“We have worked with law firms but less so now because they are utterly clueless when it comes to technology. They are humans trained in excellent client service and the power of their own advisory skills. There’s lots of talk but no-one has a clue what’s coming. Everyone is good at saying ‘We have a startup programme.’ Well that’s fricking great, see you in a couple of years, let me know how you’re doing.
A big global law firm came to us and wanted to implement new technology but they were not set up to trial, implement, scale and use it. It’s a real problem. There is a generational, insular, ‘we’re alright Jack’ attitude. It’s the classic Innovators Dilemma. I’d characterise the stage law firms are at right now as everyone dipping their toe in the water. They are working with startups early so that when they get big they can be their lawyer but even then they don’t structure it well and sell high cost packages.
Apart from firms like Taylor Wessing and Orrick, which are brilliant, and JAG Shaw Baker, which is good, they see it as a cost. They don’t get the investment and time needed as a long-term investment and they are crap at picking the right tech companies to help, they want to pick the ones that get lots of investment. The key is that they don’t have empathy or any understanding of startup life.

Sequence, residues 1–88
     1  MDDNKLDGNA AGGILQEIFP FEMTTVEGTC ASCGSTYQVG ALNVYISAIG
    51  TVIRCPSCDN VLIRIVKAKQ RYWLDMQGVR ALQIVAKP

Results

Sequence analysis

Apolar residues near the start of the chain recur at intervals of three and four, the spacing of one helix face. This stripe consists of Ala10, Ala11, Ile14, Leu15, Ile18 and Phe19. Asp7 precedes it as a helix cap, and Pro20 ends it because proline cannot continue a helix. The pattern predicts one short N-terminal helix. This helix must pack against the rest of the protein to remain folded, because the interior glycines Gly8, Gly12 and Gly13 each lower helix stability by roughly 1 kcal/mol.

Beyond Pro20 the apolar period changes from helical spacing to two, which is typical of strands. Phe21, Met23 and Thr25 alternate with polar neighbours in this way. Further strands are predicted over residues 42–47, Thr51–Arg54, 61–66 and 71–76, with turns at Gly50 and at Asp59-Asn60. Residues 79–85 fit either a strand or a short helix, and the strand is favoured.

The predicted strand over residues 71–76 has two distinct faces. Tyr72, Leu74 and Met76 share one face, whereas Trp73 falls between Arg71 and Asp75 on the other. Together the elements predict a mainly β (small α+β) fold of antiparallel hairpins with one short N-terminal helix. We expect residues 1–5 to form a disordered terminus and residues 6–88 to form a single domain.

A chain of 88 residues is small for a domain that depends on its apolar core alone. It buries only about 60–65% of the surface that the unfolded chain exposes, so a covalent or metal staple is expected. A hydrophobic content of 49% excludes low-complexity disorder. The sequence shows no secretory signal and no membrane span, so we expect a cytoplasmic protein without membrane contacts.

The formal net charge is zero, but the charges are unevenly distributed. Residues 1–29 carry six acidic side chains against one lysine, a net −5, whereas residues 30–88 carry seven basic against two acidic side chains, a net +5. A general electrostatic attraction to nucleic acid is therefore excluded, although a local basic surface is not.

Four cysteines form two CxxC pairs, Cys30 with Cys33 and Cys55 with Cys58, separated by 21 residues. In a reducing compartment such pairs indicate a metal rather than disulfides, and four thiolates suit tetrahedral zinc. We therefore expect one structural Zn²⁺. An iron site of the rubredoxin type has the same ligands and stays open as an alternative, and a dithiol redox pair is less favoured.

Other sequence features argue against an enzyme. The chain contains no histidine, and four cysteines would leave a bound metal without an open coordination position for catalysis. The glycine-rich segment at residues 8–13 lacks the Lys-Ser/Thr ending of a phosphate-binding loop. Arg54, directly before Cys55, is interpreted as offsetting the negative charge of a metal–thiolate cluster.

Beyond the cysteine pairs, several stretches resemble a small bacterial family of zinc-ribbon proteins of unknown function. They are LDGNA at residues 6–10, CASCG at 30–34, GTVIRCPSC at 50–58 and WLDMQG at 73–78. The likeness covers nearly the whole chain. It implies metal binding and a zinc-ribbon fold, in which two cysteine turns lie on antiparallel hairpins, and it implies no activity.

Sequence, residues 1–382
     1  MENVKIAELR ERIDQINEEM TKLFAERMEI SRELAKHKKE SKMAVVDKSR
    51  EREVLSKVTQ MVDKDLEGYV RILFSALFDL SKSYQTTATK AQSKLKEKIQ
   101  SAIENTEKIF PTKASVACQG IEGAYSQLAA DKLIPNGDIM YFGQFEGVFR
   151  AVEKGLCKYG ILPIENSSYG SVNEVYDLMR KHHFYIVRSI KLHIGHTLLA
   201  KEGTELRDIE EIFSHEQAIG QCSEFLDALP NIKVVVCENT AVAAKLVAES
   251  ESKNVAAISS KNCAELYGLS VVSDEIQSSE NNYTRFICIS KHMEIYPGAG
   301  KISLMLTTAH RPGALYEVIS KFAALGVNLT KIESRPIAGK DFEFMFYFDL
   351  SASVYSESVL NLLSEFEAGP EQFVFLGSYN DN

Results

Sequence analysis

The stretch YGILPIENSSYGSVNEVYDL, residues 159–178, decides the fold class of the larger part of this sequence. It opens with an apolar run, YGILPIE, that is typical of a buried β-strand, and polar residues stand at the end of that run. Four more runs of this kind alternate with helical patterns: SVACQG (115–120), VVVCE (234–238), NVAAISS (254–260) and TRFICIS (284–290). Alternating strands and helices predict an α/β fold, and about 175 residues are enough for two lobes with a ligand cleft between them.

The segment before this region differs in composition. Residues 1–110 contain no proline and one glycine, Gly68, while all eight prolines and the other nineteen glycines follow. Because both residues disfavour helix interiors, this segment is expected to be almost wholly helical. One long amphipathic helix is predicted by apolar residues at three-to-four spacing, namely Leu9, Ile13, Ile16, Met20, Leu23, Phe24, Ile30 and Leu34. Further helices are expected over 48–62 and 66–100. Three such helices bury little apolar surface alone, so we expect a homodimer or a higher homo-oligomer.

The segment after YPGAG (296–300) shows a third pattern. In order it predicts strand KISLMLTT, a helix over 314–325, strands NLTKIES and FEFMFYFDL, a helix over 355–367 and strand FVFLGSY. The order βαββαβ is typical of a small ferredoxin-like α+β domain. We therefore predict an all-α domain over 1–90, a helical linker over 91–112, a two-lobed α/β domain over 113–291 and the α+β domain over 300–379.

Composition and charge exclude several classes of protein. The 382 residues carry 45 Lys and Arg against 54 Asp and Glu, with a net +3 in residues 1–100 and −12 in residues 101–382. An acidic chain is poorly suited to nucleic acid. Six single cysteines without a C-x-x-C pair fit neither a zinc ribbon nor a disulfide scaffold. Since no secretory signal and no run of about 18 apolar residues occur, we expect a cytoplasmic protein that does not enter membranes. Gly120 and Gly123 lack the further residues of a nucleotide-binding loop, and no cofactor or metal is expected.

The most important metric is to get things done quickly. Taylor Wessing, Orrick, JAG Shaw Baker and to an extent Bird & Bird have structured themselves to provide products and services to the community but even then, they probably don’t have empathy, meaning you get stuff done quickly using the latest tech tools.
Law firms need to say what their five-year goal is and the investment needed to get there. The problem with the partnership model is that I can either spend my holiday in my villa in France or invest in tech. So, I choose France but I might not have a job in five years’ time.
If it was me, I’d work out my five-year objective and a get a pool of money large enough to invest. I’d work out what my business is going to look like in five years when my margins are eroded by tech. I would invest in software but also in people, processes, systems and culture to enable me to scale over time. I would create a portfolio and invest in companies but I’d invest in systematic, behavioural change systems to make it part of my core business, otherwise people will keep on talking and suddenly the money will go elsewhere, as it did in the music industry.“
This article first appeared in our free April 2017 Newsletter alongside our newly launched startup directory. You can sign up for a copy here: http://www.legaltechnology.com//latest-newsletter/